At this point I would say that you can feel more than satisfied: you have finally managed to understand how an access point works. But I imagine that now you are wondering: how should a device of this type be configured in order to be exploited? Let's find out now, together, clearly.
What generally needs to be done to start using the access point is to connect it to the modem / router means ethernet cable, putting the two devices in communication with each other through the pota WAN on the first and one of the ethernet port on the second.
Then you have to connect the access point to the power by means of the appropriate power pack, press on power button of the same and wait for the lights present on the device light up indicating that it has actually entered into operation.
Then you have to locate the wireless network that the access point has started generating and you have to connect to it. Therefore, log in to the configuration panel of the device by typing the address 192.168.1.1 o 192.168.0.1 or the one indicated in instruction manual.
Also note that to access the access point configuration panel you may be asked to enter a username and password. Generally the combination to use is admin / admin o admin / password but there are circumstances where other settings need to be used. If this is your case, you can take a further look at the router's user manual to find out the right combination.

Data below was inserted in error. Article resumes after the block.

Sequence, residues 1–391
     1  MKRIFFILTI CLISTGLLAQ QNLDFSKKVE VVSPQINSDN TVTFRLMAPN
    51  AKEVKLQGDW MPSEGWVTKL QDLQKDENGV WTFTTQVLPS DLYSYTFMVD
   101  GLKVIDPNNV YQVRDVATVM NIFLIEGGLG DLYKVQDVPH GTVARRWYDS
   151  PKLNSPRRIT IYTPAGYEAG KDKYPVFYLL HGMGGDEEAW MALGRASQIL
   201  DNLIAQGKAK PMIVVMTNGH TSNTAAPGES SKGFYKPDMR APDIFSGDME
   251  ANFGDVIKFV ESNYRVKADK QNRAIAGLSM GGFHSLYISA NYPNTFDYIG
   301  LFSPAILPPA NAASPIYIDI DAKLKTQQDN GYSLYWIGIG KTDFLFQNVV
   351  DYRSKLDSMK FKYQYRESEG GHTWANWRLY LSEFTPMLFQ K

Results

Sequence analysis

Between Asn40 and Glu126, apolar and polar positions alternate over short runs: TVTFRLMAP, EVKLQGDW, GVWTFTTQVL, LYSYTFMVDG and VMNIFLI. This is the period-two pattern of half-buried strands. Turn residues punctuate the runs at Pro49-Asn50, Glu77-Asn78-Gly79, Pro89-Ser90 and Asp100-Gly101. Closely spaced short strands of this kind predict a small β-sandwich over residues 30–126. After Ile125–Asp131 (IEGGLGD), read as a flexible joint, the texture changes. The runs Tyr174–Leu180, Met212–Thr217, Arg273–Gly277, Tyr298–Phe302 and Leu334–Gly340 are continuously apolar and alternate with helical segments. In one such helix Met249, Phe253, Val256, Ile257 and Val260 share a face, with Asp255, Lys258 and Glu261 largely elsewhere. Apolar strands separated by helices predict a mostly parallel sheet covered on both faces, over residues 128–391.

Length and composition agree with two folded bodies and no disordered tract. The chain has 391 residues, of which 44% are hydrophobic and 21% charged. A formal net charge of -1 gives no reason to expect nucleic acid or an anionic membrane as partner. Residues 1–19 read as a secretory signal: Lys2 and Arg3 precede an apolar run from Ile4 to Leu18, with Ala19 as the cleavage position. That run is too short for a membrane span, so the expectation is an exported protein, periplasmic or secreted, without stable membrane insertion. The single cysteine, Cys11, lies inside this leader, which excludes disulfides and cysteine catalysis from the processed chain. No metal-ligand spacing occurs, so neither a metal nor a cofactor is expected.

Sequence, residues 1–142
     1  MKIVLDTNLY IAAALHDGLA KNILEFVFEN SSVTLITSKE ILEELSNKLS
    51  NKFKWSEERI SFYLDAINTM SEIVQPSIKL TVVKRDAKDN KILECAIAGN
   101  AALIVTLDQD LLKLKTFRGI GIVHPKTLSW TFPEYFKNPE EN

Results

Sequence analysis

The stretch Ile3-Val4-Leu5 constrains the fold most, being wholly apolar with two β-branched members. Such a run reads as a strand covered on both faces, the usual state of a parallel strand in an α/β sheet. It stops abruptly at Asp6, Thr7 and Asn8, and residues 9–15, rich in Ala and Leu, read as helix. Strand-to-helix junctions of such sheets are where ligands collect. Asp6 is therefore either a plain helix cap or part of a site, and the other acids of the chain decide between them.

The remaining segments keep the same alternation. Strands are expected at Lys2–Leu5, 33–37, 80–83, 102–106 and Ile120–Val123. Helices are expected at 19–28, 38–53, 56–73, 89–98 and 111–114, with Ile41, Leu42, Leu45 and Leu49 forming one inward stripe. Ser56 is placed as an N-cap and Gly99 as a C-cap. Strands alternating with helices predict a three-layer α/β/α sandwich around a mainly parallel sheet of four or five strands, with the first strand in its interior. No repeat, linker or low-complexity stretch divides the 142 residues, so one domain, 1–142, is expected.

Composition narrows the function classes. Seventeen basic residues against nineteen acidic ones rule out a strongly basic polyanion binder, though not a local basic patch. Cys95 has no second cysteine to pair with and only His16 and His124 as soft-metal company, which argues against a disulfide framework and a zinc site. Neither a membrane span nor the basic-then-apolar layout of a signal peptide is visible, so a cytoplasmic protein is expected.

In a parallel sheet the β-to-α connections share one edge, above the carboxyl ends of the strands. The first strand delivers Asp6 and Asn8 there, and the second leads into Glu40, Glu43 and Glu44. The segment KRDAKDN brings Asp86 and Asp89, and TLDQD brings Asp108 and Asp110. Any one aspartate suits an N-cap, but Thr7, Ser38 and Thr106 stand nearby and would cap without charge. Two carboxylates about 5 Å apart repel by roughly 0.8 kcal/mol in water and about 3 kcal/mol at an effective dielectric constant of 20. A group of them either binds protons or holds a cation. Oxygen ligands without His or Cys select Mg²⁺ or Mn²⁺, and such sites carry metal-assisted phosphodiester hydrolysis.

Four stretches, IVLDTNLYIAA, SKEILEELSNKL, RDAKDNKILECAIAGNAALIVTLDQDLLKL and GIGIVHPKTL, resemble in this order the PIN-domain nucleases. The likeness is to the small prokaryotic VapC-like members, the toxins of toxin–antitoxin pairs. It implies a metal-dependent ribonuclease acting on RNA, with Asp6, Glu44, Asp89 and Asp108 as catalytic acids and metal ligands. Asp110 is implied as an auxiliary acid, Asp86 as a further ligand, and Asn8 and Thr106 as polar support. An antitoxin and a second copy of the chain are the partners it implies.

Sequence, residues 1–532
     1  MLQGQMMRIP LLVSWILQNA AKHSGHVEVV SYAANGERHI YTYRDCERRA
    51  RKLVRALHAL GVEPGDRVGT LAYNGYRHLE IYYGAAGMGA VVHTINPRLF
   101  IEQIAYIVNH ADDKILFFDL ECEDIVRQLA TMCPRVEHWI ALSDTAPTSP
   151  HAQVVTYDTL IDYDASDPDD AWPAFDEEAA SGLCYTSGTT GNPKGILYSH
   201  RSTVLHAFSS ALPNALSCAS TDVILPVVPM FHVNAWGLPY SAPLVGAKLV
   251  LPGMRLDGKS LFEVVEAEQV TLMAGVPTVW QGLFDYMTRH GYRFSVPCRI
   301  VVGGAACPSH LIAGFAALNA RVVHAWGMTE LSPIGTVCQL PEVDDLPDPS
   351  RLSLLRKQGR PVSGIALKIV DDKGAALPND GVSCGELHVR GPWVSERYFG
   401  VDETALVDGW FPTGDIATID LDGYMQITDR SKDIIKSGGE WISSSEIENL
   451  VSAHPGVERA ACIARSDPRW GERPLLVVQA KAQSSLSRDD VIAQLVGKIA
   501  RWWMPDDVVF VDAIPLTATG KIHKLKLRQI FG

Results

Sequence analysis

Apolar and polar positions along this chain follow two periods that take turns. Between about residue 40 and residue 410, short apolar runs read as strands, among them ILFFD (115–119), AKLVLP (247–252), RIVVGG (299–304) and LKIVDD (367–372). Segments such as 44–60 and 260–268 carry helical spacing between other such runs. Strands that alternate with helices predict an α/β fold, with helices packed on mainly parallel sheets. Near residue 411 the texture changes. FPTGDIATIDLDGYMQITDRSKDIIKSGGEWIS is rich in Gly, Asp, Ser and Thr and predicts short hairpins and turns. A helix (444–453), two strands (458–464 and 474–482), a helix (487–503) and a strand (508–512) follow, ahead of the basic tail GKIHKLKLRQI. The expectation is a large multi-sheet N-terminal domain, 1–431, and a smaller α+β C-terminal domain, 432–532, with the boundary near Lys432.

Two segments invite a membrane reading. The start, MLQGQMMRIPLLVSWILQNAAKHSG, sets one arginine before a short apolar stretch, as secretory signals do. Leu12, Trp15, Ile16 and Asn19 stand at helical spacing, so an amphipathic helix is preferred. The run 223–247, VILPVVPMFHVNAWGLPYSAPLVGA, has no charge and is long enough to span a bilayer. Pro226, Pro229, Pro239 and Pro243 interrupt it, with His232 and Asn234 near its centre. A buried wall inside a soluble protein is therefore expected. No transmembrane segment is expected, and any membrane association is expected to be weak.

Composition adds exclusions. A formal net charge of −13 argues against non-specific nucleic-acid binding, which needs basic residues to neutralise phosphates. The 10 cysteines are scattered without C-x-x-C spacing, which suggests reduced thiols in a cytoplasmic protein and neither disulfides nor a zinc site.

Now go to the section where there are the settings of the Internet connection and / or the wireless network in general and customize (if you want) the name generated wireless network (SSID) and the Password associated with it and then saves the changes made.
If there is a server that automatically supplies the addresses, activate the DHCP also for the WiFi access point. If this is not the case, the mode can be set static and configure an IP by typing the correct values in the fields displayed on the management panel.
As an alternative to what we have seen together above, you can configure the access point by entering the installation disk of the device in the computer and then following the guided procedure that is proposed to you.
Unfortunately, I cannot be more specific about the operations to be undertaken as regards the configuration procedure because depending on the brand and model of access point in your possession, the items attached to the device setting panel and the methods of connection to it could differ. If so, you must therefore be good at identifying the correct sections to access to adjust the above parameters.
As you have seen for yourself, the configuration is not difficult. It takes a bit of effort and a minimum of attention, yes, but it is nothing complex. In any case, if you think you need more information on what to do and if you are interested in understanding how to configure the access point in other ways (the ones I told you about at the beginning of the article), you can refer to my tutorial on how to configure access points through which I proceeded to talk to you about it in a rather in-depth manner.WiFi access point: how it works